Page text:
Introduction and Summary of Findings

The use of forensic DNA databases by law enforcement agencies around the globe is expanding unchecked at an alarming rate and efforts are underway to harmonize them.  Resources must be mobilized to establish strong standards and universal safeguards for this most invasive form of surveillance and profiling.  

A crime prevention tool that was originally intended only to identify the most dangerous convicted felons on a case by case basis, DNA collection and analysis is now routinely being used for a multiplicity of purposes that pose significant privacy and civil rights concerns to every citizen.  DNA is far different from other methods of identification such as fingerprints.  It is a window into an individual’s medical history and that of their entire family.  From the permanent retention of DNA samples of individuals never convicted of a crime, to DNA “dragnets” devoid of individualized suspicion and weak safeguards for the information once it is collected, the issues raised by the expanding use of DNA databanks pose a very serious threat to democracy. 

Today, 56 countries worldwide operate national DNA databases from Asia to Europe and the Americas.  Some are still in their infancy, while others such as those in the United States and the United Kingdom are large, highly sophisticated and have been established for at least fifteen years.  The growing number of DNA databases differ widely both in the categories of individuals included in the databases and in the allowed usages of the databases themselves.   All such databases operate on a model that allows investigators to use the information on a grand scale for multiple ongoing investigations and all reflect the racial and other biases of the broader criminal justice systems of which they are a part.  For example, while African-Americans are only 12% of the U.S. population, their profiles constitute 40% of the Federal database.  In the United Kingdom, nearly three-quarters of young men of African descent are on the database, as are tens of thousands of juveniles.

 In the United States, all 50 states and the Federal Bureau of Investigation maintain DNA databases.  The FBI database, known as CODIS (Combined DNA Index System) not only includes the DNA profiles of felons convicted in Federal courts, but effective this year may include profiles of  people arrested for federal crimes as well as undocumented immigrants that have been detained and furthermore allows states to upload profiles of

anyone convicted of a crime.  It now contains a growing record of over 5 million profiles.  Today, forty-four

states collect DNA from anyone convicted of a felony, thirty-nine states collect DNA from those convicted of certain misdemeanors, twenty-eight collect DNA from juvenile offenders, six states collect DNA of all individuals arrested and some states (such as California) have started to retain DNA from individuals identified as “suspects.”  Still other states such as Louisiana and New York have been discovered to have “offline” DNA databases including DNA samples and profiles taken from victims or suspects never charged with a crime. U.S. intelligence operates a separate database, the Joint Federal Agencies Intelligence DNA Database, for purposes of identifying and tracking alleged terrorist suspects and allows the military and other Federal agencies access to it.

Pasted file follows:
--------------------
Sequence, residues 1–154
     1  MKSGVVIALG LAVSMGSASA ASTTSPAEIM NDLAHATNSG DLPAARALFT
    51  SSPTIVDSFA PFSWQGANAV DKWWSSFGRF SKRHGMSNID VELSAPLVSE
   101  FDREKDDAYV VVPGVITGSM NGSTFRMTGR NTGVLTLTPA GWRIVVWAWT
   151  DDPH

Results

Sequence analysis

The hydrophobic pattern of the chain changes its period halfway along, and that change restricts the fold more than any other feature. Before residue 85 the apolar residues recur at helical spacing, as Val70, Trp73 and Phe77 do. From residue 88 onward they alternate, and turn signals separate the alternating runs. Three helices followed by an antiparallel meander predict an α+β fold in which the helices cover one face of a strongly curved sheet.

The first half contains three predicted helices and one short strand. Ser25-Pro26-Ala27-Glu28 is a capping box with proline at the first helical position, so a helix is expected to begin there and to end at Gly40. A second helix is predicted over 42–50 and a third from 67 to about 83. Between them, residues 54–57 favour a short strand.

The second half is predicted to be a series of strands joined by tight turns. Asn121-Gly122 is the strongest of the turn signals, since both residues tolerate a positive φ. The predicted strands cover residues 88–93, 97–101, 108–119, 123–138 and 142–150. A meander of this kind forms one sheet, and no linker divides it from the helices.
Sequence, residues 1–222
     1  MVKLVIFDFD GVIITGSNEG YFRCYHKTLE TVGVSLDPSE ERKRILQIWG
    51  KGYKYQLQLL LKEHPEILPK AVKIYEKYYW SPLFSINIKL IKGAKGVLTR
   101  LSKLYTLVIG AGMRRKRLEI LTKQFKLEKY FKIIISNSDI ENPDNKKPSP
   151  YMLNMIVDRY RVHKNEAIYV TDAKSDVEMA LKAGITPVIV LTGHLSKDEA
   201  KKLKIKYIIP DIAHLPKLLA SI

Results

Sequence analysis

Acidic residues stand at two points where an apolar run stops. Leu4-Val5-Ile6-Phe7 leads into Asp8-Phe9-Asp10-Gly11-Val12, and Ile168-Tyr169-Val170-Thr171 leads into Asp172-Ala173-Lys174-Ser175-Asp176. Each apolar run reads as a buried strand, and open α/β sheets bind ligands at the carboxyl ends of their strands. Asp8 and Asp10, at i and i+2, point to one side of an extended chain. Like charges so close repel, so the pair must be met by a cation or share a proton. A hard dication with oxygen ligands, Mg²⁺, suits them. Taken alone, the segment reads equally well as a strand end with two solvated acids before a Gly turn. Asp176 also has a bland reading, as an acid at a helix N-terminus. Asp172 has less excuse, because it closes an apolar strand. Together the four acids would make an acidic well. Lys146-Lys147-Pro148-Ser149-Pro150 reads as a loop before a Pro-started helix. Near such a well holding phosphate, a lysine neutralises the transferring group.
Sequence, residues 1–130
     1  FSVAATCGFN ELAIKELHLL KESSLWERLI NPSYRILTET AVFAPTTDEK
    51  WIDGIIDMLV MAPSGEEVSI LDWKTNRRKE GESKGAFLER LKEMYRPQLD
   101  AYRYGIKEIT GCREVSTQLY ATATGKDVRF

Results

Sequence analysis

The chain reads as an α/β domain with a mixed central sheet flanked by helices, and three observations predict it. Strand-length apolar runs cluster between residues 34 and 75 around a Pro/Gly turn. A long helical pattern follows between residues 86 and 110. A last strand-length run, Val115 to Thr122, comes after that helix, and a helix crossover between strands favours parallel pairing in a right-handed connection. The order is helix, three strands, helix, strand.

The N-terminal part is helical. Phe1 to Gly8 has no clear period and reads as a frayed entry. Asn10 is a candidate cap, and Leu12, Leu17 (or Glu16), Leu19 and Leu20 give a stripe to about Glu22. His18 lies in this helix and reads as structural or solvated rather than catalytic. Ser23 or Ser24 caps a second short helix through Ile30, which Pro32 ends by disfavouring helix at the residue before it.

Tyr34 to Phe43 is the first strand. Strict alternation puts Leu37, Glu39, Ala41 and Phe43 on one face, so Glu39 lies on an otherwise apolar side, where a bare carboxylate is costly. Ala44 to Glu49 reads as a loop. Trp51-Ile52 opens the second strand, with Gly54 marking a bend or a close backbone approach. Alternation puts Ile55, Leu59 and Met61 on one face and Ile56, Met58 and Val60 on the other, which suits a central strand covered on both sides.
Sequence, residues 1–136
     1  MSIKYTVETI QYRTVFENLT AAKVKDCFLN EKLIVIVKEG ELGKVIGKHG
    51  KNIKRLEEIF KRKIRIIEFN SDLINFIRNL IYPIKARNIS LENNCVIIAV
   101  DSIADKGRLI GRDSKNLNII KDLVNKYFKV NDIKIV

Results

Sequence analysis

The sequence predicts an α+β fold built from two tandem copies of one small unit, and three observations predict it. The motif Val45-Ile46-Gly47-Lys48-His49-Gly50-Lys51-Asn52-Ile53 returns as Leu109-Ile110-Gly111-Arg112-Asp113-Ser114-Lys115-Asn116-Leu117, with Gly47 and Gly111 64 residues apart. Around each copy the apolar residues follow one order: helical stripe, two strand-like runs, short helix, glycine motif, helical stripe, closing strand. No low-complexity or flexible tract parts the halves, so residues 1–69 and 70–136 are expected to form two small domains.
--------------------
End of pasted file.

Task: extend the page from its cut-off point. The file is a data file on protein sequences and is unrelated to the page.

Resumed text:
The United Kingdom’s DNA database (NDNAD) is of similar size, containing 4.7 million records on the English and Welsh database representing over 5% of its population. The database, which grows by 30,000 samples each month, is populated by samples recovered from crime scenes and taken from police suspects and (in England and Wales) anyone arrested and detained at a police station for any recordable offense, permanently retaining both DNA profiles and samples.

DNA databases around the world vary widely on issues ranging from access and consent to retention of both DNA samples themselves as well as the computerized profiles created from them.  Countries, including the UK and the United States have used their DNA databases to match samples taken in “DNA dragnets” of individuals without probable cause simply because of their proximity to a crime scene.  These countries and others have used “familial searching” of databases for potential links between individuals whose DNA is already in the database with family members whose DNA is not.   In the United States, a few cases have already been reported where dubious science has been used to conduct “racial analysis” of crime scene evidence.